Following the Movement
Extensive feedback is also delivered to the central nervous system after a movement. Such information can be evaluated, presumably, by the stages of information processing in order to determine the nature (or “quality”) of the movement just made. Information about whether or not the movement achieved the environmental goal and about its smoothness, its level of force or effort, or its form or style is derived from sensory feedback. A major role for such information is in the adjustment of the movement on the subsequent trial, perhaps to reduce the errors made on the present trial. As such, this information has a considerable relevance to the acquisition of skills, as discussed in the final part of this book dealing with motor learning (chapters 12 and 13 in particular).
Types of Motor Program Errors
If, as we suspect, the motor system can be conceptualized as consisting of two major parts (an executive level and an effector level), we can ask about the origins of errors in each—including their causes, their detection, and their correction. We conceptualize the motor system as being capable of making essentially two distinct types of errors. Each of these errors involves feedback in distinctly different ways for their detection and correction. We discuss these two kinds of errors in the next sections.
When a person makes a rapid movement, there are really two goals (Schmidt, 1976a). First, there is an environmentally defined goal, such as changing gears in a standard transmission car or doing a somersault from a diving board. A second goal (or subgoal) can be defined in terms of the muscular activities required to produce the desired outcomes in the environment—that is, to produce the first goal. For example, a person must contract the muscles in the arm and torso in one of a limited number of ways in order to change gears smoothly, and only certain patterns of muscular activity will result in a somersault. Essentially, how to generate such a subgoal is the problem facing the performer.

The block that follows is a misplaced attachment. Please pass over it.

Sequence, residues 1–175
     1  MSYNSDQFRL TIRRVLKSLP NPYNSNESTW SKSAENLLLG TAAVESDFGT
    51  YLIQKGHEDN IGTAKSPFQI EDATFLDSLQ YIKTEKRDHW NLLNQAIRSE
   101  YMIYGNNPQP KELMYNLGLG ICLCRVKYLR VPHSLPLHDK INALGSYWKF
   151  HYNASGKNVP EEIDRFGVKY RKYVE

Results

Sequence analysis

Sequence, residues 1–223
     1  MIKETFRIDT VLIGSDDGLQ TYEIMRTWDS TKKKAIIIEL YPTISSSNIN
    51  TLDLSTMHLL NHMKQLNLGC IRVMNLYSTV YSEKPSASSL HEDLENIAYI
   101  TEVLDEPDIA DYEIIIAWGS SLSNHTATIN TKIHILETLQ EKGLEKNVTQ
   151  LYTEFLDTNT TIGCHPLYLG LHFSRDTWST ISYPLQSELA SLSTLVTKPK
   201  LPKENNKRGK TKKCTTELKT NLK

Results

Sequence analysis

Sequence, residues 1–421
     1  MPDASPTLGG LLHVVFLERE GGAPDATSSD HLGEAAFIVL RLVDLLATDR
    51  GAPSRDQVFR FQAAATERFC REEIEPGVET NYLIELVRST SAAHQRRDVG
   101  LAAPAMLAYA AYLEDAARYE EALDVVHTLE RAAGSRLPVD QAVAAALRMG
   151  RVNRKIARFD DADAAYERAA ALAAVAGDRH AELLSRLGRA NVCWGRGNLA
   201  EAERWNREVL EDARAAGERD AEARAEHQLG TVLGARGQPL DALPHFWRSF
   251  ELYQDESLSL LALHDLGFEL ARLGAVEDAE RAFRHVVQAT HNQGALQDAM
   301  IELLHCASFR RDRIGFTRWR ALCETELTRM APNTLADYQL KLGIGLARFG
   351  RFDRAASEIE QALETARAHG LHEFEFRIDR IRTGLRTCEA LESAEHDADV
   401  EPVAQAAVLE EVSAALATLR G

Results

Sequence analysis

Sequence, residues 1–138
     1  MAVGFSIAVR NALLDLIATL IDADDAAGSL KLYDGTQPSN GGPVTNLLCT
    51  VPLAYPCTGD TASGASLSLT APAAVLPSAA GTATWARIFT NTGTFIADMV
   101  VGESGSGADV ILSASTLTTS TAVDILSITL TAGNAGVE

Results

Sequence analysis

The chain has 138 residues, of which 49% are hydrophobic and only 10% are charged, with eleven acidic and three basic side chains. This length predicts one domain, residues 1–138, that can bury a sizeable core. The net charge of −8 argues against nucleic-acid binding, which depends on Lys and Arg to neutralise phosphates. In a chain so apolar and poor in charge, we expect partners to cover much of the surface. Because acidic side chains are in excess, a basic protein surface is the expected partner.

We can view the subgoal as a pattern of action that is structured in both space and time. Such a pattern of action will determine where a particular part of the body will be at a particular time after the movement starts. If this spatial–temporal pattern in the muscles and limbs (the subgoal) is produced accurately, then the environmental goal will be achieved. This process can go astray in essentially two ways.